Call +44(0)161 941 4000
Call +44(0)161 941 4000
No, this blog is not about the delicious biscuits many of us will have been attempting to bake during the lockdown. Put simply, in an IT context; cookies are small text files containing small amounts of information that are downloaded or ‘implanted’ onto a user's device (e.g. a computer, a tablet, a smartphone, or other smart devices) when a user visits a website.
There are a number of different types and categories of cookies. They range from strictly necessary cookies (which allow a website to operate), to targeting or advertising cookies (which record user visits to a website, pages visited and links followed from that website) and are often used by companies to monitor consumer behaviour/trends and personalise the user experience making it smoother and more tailored to that individual.
Third-party tracking cookies (cookies which are set by a website other than the one you are visiting) can cause security and privacy concerns since they make it easier for parties you cannot identify to watch where you are going and what you are doing online and can in some cases compile records of a user’s browsing history online.
The ICO has the ability to levy substantial fines for failure to comply with laws relating to cookies, including fines for failing to comply with the PECR of up to £500,000, and up to €20 million EUR or 4% of total worldwide annual turnover (whichever is the higher) for failing to comply with the GDPR and the Data Protection Act 2018.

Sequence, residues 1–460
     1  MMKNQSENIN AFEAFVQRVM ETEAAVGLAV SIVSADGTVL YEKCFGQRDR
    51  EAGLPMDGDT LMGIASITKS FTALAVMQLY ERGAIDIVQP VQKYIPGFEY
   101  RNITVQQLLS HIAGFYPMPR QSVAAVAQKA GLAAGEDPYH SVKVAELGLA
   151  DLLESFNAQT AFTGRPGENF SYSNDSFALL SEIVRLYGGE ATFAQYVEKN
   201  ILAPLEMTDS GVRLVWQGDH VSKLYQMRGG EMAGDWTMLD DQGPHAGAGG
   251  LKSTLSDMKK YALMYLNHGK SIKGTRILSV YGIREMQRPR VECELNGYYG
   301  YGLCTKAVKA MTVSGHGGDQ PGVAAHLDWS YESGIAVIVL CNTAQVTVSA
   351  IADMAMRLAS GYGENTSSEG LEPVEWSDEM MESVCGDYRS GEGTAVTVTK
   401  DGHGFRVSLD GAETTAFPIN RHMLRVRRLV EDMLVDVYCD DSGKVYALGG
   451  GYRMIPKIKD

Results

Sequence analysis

On 10 January 2017, the European Commission published the draft E-Privacy Regulation, which is intended to replace the PECR. It is aimed at companies operating in the digital economy and specifies additional requirements they need to meet in relation to the processing of personal data as well as harmonising the practicalities of website operators obtaining consent from website users across EU member states.
The regulation extends the scope of PECR from traditional telecoms service providers to all electronic communications service providers, including WhatsApp, Facebook Messenger, Skype, Gmail, and iMessage. One of the key changes in relation to cookies is that third-party cookies would be blocked by default, and users will have to set their cookie setting options during initial set up of software.
However, it is uncertain if the E-Privacy Regulation, which was originally intended to apply from 25 May 2018 (together with the GDPR), will make it into codified law.
There have been a number of stalled negotiations and disagreement between EU member states, with commentators not expecting the regulation to come into force before 2023, if at all. There remain a number of legal and practical uncertainties in relation to electronic communications and data privacy and protection that the regulation is yet to effectively deal in an ever-changing digital economy.
If you would like any advice in relation to your cookies policy, your cookie use or compliance with the E-Privacy Directive, direct marketing legislation or the GDPR, please contact one of our lawyers on 0161 941 4000 and ask for our Corporate/Commercial Department or email us at email@example.com